Linux creator Linus Torvalds shares Millennium Technology Prize

Linus Torvalds, creator of Linux, has been named joint winner of the 2012 Millennium Technology Prize.
He shares the honour with Dr Shinya Yamanaka, a stem cell scientist.
Technology Academy Finland said Mr Torvalds's achievements had "had a great impact on shared software development, networking and the openness of the web".
It is the first time the bi-annual award has been split. Each man receives 600,000 euros ($752,000; £483,000).
Mr Torvalds developed the first version of a Linux operating system while studying at the University of Helsinki, Finland in 1991.
When he posted details of the project on Usenet he described the project as "just a hobby, [it] won't be big and professional".
The Linux kernel - the code that lets software and hardware work together - has since been through many revisions. It now powers a range of Linux-based systems behind many of the world's computer servers, digital video recorders, stock exchange equipment and Google's Android smartphone platform.
Linux community Mr Torvalds remains in charge of deciding which changes should be made to the kernel, based on submissions from thousands of other software engineers who volunteer contributions to the open source project.
It is estimated that a total of 73,000 man-years have been spent working on the code.
"Linus Torvalds's work has kept the web open for the pursuit of knowledge and the benefit of humanity - not simply for financial interests," said Dr Ainomaija Haarla, president of Technology Academy Finland.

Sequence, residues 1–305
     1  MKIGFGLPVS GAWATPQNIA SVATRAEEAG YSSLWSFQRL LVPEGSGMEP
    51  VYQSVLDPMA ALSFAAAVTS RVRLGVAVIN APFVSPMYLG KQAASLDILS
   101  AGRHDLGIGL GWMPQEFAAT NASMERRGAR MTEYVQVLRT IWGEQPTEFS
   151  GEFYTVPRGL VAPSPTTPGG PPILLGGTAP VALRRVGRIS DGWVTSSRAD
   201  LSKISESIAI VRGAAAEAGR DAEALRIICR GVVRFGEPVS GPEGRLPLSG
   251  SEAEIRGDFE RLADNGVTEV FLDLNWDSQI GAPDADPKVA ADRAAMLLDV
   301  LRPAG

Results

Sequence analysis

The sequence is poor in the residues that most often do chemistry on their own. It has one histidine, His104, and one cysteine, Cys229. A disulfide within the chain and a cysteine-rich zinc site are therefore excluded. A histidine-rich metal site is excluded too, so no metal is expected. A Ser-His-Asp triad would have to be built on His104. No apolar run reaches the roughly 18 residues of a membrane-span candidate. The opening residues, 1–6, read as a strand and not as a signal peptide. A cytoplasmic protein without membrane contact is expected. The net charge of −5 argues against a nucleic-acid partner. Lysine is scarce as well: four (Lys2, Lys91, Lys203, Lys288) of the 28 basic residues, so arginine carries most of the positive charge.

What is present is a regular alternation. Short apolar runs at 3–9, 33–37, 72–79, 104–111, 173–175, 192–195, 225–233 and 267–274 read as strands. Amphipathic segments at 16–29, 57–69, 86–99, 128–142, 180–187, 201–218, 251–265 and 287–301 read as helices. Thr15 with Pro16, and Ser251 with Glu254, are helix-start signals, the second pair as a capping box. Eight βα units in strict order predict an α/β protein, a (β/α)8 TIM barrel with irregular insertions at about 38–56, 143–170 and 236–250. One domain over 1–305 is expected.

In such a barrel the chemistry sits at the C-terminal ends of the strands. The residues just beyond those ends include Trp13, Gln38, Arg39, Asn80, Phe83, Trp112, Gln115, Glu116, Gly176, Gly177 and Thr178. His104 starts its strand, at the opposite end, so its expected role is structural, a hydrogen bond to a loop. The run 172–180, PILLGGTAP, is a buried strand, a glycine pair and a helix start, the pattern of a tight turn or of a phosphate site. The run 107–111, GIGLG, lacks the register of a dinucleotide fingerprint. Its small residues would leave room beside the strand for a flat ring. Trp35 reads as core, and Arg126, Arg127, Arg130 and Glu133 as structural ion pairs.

Mr Torvalds now works out of an office at his home in Oregon, having moved to the US in 1997. But he acknowledged his roots in accepting the award.
"This recognition is particularly important to me, given that it's given by the Technology Academy of Finland," he said.
"I'd also like to thank all the people I've worked with, who have helped make the project not only such a technical success, but have made it so fun and interesting."
Job offers Mr Torvalds recently revealed that over the years, others - including Apple's founder, Steve Jobs - had tried to tempt him to switch jobs.
But he told the BBC that he had no intention of leaving the Linux Foundation - the non-profit organisation committed to promoting and supporting the kernel's development.
"Hey, I've had job offers, but I've really tried to make it very clear to everybody that what I appreciate most is my neutral status, and it really turns out that I think all the companies involved with Linux really do prefer things that way too," he said.
"I seriously believe that even though the Linux kernel has become a big thing for a number of large companies, people really do appreciate how nice it is that I don't work for any of them."


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